Triggers for philanthropy
What can charities learn from Mark Zuckerberg's recent pledge to give away 99% of his shares in Facebook to charity? Lillian Brown shares some important insights into triggers for philanthropy
Ask any philanthropist what motivates them to give to charity and you'll get a variety of responses. But one of the most common themes we hear is linked to some sort of personal story associated with someone or something that is extremely ‘close to home.’
In early December Facebook founder Mark Zuckerberg and his wife Priscilla Chan announced plans to give away 99 per cent of their shares in the company to good causes. The news came as they celebrated the birth of their daughter, Max.
Mr Zuckerberg made the announcement in a letter to his daughter on his Facebook page, pledging to donate their fortune to the Chan Zuckerberg Initiative to make the world a better place for her to grow up in. The new charitable organisation is aimed at ‘advancing human potential and promoting equality for all children in the next generation.’
The arrival of their newborn baby was a clear trigger for the couple. Here are three other triggers that helped establish philanthropic ventures:
1) Dame Stephanie's late son, Giles, was profoundly autistic. She became an early member of the National Autistic Society and set up the Shirley Foundation, which funds many projects related to autism. She cited her son’s autism as her key reason for setting up the Foundation so more children like her late son could be helped.
2) Jeff Raikes, a former Microsoft senior executive and later, chief executive of the Gates Foundation, said his parents’ and daughter’s challenges in school were his incentives for getting into philanthropy and eventually setting up his own foundation.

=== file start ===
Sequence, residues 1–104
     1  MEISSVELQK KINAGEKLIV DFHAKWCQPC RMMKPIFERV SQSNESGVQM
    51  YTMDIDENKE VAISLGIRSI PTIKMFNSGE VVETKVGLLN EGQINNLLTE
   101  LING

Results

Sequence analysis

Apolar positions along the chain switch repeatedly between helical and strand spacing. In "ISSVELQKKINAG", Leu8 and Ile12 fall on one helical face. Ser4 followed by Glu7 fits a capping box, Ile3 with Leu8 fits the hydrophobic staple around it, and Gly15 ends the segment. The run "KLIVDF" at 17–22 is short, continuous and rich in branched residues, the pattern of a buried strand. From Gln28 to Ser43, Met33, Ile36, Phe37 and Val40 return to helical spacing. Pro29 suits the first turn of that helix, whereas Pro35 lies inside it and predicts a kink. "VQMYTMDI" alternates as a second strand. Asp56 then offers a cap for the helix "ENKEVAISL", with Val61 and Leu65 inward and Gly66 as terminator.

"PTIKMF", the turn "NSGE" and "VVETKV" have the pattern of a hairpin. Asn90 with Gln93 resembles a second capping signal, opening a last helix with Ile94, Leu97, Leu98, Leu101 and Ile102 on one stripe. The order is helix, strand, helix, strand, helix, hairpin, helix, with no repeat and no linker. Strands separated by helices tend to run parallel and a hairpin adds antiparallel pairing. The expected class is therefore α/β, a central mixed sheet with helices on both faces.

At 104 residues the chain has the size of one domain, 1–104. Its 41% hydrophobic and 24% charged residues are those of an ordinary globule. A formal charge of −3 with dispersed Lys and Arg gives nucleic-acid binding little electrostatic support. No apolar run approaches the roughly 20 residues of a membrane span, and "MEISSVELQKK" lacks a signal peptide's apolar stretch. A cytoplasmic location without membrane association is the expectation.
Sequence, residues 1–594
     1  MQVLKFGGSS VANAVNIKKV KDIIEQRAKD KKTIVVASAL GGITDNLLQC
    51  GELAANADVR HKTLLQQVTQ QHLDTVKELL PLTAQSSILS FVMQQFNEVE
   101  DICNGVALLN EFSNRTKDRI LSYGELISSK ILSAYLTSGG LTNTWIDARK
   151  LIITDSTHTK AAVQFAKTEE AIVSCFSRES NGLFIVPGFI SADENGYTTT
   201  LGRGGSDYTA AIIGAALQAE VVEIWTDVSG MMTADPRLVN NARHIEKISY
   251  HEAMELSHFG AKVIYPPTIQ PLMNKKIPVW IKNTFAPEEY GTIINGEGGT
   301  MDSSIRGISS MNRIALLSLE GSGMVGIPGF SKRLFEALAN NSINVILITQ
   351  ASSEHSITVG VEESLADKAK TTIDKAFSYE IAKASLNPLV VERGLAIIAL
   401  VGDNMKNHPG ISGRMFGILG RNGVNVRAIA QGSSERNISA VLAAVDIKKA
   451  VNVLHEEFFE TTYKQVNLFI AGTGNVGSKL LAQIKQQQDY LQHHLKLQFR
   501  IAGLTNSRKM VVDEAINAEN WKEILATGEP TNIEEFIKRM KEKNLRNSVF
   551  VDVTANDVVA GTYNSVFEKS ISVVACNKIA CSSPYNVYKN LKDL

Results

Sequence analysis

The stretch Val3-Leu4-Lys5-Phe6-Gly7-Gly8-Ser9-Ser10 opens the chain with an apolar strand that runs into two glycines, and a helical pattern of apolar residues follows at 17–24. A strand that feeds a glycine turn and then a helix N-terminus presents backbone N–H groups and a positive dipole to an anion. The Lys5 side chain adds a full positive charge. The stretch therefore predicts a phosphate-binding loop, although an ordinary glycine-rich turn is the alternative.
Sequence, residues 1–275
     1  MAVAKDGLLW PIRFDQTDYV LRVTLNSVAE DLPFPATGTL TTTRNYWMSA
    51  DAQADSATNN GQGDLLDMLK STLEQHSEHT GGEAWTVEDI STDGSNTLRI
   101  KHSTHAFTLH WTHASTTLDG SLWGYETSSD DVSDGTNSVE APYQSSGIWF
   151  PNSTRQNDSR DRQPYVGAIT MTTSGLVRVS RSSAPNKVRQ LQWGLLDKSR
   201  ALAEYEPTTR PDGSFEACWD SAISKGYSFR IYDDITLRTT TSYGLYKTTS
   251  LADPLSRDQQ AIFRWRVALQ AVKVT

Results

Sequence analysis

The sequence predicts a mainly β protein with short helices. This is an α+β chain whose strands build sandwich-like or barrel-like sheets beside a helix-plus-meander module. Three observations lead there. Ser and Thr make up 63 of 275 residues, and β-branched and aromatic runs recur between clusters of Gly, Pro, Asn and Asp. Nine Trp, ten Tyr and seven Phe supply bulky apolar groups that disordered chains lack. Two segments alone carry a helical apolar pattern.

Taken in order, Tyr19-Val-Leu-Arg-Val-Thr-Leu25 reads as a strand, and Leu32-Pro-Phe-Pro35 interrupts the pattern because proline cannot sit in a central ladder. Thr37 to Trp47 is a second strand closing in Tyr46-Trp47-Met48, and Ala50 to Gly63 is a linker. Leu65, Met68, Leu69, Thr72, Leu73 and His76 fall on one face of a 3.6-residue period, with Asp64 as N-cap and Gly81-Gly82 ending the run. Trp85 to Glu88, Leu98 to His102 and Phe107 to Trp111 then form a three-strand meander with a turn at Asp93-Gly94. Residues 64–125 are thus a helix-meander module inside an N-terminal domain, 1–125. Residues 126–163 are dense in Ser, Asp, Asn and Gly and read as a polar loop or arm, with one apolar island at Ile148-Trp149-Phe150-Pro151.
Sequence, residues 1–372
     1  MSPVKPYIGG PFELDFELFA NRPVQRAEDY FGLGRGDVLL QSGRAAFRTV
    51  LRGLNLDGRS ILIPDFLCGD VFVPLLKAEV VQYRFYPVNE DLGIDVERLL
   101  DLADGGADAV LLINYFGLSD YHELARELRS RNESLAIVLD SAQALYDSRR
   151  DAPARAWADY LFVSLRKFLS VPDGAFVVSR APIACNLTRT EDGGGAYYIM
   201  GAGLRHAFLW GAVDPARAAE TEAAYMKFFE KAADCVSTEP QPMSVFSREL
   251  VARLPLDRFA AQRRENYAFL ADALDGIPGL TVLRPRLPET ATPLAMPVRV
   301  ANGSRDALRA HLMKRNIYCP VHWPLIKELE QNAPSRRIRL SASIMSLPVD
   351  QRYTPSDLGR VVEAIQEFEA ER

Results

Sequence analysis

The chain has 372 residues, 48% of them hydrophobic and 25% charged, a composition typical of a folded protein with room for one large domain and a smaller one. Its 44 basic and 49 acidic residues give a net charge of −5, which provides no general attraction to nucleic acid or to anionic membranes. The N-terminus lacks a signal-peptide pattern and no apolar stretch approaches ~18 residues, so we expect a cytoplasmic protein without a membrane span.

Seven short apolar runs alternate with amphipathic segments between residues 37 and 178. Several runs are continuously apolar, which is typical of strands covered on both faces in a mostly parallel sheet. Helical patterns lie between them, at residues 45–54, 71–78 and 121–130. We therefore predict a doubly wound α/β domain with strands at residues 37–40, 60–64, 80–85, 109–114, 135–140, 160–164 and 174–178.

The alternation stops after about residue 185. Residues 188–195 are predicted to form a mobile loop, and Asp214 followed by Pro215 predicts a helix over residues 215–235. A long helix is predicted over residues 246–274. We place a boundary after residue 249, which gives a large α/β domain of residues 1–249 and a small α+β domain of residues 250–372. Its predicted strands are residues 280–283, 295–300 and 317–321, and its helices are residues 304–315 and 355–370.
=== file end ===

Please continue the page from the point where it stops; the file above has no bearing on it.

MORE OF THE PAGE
3) Paul Hamlyn came to the UK in 1933 with his family as a 13-year-old Jewish migrant. Like many Jewish families, they left Germany to escape Nazi persecution. He founded the Paul Hamlyn Foundation in 1987 for general charitable purposes and, because of his childhood experiences, his interest was in social justice, challenging prejudice and opening up the arts and education to everyone - particularly young people.
Three golden rules
So if a new born baby, a son, parents, a daughter and childhood experiences can help trigger millions of pounds in giving, how might charities stand the best chance of tapping into these philanthropic funds to further our work in the community?
There are three golden rules for getting your work funded by a philanthropist:
Recognise that at their best philanthropists are innovative, flexible, forward-looking; much more so than public sector funders who can be restrictive and bureaucratic.
Don’t look on them as a longterm prospect. While some will give you money for a few years, their grants tend to reduce over time; always check their individual criteria.
- Philanthropic giving isn't merely a grant; it's an invitation to share a mission. Numerous philanthropists say that for them giving isn't difficult, rather it’s a joy! Treat these grant makers like donors – invite them to your fundraisers and relevant events, invite their views and respond to them, keep them in the picture at all times and enjoy the relationship.
If you'd like to book a one-to-one appointment for the next fundraising surgery on Tuesday 26 January 2016, email firstname.lastname@example.org
Image photo credit: Mark Zuckerberg, Facebook